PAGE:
HVAC Coiled Evaporator
Evaporator coils on air-conditioning units fall into two categories:
Finned-tube coil is placed in the air stream of the unit. Refrigerant vaporizes in it. The refrigerant in the tubes and the air flowing around the fins attached to the tubes draw heat from the air. This is commonly referred to as a direct expansion cooling system (see Fig. 10-4).
Shell-and-tube chiller units are used to chill water for air-cooling purposes. Usually, the refrigerant is in tubes mounted inside a tank or shell containing the water or liquid to be cooled. The refrigerant in the tubes draws the heat through the tube wall and from the liquid as it flows around the tubes in the shell. This system can be reversed. Thus, the water would be in the tubes and the refrigerant would be in the tank. As the gas passes through the tank over the tubes, it would draw the heat from the water in the tubes (see Fig. 10-5).
Figure l0-5 shows how K-12 is used in a standard vapor-compression refrigeration cycle. System water for air-conditioning and other uses is cooled as it flows through the evaporator tubes. Heat is transferred from the water to the low-temperature, low-pressure refrigerant. The heat removed from the water causes the refrigerant to evaporate. The refrigerant vapor is drawn into the first stage of the compressor at a rate controlled by the size of the guide-vane opening. The first stage of the compressor raises the temperature and pressure of the vapor. This vapor, plus vapor from the flash economizer, flows into the second stage of the compressor. There, the saturation temperature of the refrigerant is raised above that of the condenser water.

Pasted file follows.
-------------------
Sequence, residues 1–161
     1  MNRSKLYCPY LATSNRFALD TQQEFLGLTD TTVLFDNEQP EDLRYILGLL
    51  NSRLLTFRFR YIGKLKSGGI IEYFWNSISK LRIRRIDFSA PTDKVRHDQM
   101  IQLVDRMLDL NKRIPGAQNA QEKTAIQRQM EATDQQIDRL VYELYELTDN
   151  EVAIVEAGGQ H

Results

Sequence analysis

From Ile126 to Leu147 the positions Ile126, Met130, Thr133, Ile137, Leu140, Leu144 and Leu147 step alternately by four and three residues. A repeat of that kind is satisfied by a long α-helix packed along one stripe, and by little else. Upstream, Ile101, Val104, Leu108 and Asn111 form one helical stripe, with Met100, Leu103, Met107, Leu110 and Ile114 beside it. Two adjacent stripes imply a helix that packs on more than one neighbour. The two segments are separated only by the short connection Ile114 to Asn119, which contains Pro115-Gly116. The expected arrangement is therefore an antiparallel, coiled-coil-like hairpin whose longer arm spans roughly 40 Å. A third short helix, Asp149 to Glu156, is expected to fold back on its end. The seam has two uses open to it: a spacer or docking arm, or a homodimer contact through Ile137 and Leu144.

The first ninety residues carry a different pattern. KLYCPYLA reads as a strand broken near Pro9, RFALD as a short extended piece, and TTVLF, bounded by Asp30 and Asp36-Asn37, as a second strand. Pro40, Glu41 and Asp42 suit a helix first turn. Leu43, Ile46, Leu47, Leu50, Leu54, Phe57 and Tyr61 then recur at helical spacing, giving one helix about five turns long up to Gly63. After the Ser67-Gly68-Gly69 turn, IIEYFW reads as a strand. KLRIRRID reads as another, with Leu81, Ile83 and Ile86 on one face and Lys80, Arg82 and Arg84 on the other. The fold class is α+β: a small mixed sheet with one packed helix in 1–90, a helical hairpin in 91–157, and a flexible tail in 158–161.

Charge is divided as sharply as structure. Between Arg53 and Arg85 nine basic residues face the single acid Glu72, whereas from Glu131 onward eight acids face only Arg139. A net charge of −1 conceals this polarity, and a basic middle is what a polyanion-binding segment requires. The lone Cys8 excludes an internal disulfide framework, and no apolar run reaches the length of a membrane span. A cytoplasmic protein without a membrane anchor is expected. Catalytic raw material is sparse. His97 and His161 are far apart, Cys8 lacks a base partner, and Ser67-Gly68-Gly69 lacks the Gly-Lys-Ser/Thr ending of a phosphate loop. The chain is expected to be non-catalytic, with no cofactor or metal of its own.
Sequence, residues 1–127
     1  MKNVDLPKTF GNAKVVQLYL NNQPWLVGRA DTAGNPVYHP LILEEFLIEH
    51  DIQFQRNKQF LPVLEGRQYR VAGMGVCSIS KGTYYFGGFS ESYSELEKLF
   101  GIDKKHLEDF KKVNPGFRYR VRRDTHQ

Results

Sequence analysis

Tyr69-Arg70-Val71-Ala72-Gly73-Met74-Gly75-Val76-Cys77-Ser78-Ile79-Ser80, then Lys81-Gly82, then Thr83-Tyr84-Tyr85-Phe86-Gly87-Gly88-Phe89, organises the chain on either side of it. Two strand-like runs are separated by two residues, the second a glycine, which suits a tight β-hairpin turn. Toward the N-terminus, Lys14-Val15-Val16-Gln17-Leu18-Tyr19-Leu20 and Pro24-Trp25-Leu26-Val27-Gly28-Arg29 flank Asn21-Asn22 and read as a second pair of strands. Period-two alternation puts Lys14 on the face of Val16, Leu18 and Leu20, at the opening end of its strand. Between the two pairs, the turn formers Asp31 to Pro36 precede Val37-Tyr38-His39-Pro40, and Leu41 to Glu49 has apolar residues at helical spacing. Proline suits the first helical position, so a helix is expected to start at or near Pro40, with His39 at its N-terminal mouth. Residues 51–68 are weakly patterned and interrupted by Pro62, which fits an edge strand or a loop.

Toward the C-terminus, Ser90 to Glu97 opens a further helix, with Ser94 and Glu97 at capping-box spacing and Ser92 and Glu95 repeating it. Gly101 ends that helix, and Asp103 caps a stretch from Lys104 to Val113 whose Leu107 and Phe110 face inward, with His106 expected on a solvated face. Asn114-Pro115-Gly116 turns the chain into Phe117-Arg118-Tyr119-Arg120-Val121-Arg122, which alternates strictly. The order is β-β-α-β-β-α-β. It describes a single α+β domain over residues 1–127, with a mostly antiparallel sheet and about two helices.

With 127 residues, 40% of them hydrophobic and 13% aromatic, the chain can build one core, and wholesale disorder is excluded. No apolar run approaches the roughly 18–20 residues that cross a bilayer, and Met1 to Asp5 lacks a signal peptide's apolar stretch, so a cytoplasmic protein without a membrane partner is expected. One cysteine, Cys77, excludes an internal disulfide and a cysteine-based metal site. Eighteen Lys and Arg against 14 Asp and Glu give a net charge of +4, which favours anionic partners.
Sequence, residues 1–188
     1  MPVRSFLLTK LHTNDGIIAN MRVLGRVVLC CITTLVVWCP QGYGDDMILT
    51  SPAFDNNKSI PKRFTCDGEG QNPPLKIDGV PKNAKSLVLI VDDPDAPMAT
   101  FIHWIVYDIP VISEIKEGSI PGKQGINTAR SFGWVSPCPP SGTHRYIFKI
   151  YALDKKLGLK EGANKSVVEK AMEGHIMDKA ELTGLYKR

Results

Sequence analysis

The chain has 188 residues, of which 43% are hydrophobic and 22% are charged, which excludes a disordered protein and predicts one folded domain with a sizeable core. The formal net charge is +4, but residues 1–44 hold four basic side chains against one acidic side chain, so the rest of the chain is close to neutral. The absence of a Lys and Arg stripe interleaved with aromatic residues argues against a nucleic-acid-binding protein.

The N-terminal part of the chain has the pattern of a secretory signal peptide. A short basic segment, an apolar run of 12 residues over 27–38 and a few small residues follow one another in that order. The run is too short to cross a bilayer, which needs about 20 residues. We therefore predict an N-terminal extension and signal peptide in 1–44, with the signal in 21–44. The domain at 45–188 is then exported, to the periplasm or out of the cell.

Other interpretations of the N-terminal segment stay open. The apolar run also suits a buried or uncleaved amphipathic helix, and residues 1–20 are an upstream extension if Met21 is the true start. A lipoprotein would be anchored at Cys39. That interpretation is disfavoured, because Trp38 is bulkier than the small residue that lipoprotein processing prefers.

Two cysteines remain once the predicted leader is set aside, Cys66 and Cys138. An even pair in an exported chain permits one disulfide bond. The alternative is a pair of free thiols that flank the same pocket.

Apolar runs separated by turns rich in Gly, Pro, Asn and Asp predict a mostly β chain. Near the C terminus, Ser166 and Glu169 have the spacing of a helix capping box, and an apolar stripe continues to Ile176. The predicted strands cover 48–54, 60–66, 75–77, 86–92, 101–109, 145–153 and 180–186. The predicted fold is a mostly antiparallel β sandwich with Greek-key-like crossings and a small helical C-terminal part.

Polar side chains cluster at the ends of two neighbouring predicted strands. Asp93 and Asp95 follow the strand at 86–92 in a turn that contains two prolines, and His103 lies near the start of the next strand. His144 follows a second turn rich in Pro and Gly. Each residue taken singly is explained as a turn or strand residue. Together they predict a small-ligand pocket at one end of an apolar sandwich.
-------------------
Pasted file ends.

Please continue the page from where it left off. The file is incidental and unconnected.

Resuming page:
This vapor mixture is discharged directly into the condenser. There, relatively cool condenser water removes heat from the vapor, causing it to condense again to liquid. The heated water leaves the system, returning to a cooling tower or other heat-rejection device.
A thermal economizer in the bottom section of the condenser brings warm condensed refrigerant into contact with the inlet water tubes. These are the coldest water tubes. They may hold water with a temperature as low as 55°F (13°C). This subcools the refrigerant so that when it moves on in the cycle, it has greater cooling potential. This improves cycle efficiency and reduces power per ton requirements. The liquefied refrigerant leaves the condenser through a plate-type control. It flows into the flash economizer or utility vessel. Here, the normal flashing of part of the refrigerant into vapor cools the remaining refrigerant. This flash vapor is diverted directly to the second stage of the compressor. Thus, it does not need to be pumped through the full compression cycle. The net effect of the flash economizer is energy savings and lower operating costs. A second plate-type control meters the flow of liquid refrigerant from the utility vessel back to the cooler, where the cycle begins again (see Fig. 10-6).
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